To submit coins to PCGS, the Professional Coin Grading Service, you must be a paying member. The cheapest membership is $69, and coin values range from $30 to more than $300.
A basic coin assessment at the NGC is free, but if you prefer an in-depth evaluation with a certificate, you’ll need to become a member, which costs $25. Both make use of the Sheldon scale.
With 1 being low and 70 being premium, this method assigns a grade to coins from 1 to 70. Coins in mint state are ranked from MS60 to MS70, while coins in A.U. (About Uncirculated) are classified from AU50 to AU58. The highest rates are offered by mint state coins and proof coins, which are classed as PF60 to PF70. Here are a few JFK coin values that have been confirmed.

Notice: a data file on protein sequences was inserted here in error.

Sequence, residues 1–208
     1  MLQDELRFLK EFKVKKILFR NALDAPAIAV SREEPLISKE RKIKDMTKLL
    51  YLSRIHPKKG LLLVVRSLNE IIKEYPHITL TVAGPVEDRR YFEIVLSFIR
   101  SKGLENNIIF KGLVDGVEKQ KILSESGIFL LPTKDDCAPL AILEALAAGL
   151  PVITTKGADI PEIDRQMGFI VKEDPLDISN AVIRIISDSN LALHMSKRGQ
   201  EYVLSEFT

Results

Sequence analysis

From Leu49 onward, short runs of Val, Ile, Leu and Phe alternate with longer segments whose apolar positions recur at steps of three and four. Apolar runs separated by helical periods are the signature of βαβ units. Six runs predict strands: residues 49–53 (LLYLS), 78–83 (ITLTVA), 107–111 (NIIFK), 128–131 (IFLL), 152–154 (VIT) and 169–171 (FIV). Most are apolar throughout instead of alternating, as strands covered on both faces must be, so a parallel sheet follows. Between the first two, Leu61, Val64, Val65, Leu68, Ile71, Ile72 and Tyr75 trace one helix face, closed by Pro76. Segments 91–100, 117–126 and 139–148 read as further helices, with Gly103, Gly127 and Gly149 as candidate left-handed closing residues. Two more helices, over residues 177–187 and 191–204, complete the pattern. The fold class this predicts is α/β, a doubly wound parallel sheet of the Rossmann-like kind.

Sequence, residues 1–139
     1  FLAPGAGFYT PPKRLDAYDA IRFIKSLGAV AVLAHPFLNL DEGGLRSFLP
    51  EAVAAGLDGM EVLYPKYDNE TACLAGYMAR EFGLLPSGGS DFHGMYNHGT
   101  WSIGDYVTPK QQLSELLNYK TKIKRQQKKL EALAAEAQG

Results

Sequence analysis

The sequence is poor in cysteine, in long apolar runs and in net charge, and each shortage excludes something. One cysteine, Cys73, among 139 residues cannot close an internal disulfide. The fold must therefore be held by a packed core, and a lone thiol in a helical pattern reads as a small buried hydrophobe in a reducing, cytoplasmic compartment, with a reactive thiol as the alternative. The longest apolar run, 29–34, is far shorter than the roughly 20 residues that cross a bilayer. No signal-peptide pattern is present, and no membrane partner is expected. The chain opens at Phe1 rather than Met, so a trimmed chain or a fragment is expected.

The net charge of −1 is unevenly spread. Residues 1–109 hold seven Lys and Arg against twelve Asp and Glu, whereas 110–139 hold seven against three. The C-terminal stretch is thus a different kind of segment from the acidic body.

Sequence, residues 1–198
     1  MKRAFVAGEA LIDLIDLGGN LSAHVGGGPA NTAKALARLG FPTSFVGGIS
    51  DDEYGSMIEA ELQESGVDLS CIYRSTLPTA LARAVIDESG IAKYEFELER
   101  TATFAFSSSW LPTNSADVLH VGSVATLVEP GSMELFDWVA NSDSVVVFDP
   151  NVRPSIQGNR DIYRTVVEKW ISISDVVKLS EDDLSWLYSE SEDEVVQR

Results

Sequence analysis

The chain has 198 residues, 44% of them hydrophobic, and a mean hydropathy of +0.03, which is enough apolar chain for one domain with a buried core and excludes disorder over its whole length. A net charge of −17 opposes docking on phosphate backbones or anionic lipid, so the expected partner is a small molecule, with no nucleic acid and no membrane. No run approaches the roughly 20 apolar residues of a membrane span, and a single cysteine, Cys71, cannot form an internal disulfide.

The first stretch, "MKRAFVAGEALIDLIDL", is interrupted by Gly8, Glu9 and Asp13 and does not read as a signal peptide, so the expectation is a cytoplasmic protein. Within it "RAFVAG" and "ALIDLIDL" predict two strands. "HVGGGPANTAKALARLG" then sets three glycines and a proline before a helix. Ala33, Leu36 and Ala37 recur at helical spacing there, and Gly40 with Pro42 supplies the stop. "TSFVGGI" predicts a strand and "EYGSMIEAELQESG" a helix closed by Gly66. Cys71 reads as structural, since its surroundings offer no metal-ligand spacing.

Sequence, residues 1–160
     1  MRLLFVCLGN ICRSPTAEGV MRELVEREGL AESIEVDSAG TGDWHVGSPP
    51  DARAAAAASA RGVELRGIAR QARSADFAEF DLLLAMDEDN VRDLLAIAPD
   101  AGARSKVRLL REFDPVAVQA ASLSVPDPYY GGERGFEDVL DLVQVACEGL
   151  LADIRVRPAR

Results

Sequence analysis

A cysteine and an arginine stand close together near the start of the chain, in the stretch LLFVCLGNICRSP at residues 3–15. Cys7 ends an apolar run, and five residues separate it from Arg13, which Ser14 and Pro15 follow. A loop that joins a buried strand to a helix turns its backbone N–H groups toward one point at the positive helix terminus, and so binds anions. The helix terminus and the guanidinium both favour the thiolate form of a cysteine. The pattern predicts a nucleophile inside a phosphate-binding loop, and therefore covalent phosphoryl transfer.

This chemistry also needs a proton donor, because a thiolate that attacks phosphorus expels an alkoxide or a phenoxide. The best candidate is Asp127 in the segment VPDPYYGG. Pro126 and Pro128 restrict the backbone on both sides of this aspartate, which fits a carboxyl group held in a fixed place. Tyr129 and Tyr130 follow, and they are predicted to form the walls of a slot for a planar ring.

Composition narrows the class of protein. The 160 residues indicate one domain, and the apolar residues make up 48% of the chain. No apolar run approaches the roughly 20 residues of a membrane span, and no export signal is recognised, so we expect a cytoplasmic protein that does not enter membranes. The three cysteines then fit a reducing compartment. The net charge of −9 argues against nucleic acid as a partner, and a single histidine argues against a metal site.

|MS 60 Error||D (Denver)||Clad, Die Adjustment Error||$172|
|MS 60 Error||D (Denver)||Clad, 20% Clipped Error||$230|
|MS 61 Error||D (Denver)||Clad, Missing Obverse Error||$250|
|MS 63 Error||D (Denver)||Clad, Off-centre Error||$300|
|PR 64 Cameo||S (San Francisco)||Silver Lamination Mint Error||$490|
|MS 66 Error||D (Denver)||Clad, Double Strike Error||$632|
|MS 66 DDO||S (San Francisco)||Silver with DDO Error||$704|
|MS 66 Error||D (Denver)||Clad, Double Strike Error||$850|
|PR 67 DDR||S (San Francisco)||Clad with DDR Error||$1,100|
|MS 67||None (Philadelphia)||Clad Cupronickel, No Error||$2,000|
|MS 62 Error||None (Philadelphia)||Clad on a Quarter Planchet||$2,500|
|PR 70DCam||S (San Francisco)||Silver Proof, No Error||$3,700|
|MS 64 Error||D (Denver)||Clad with Brockage Error||$4,465|
|PR 70 Cameo||S (San Francisco)||Silver Proof, No Error||$5,000|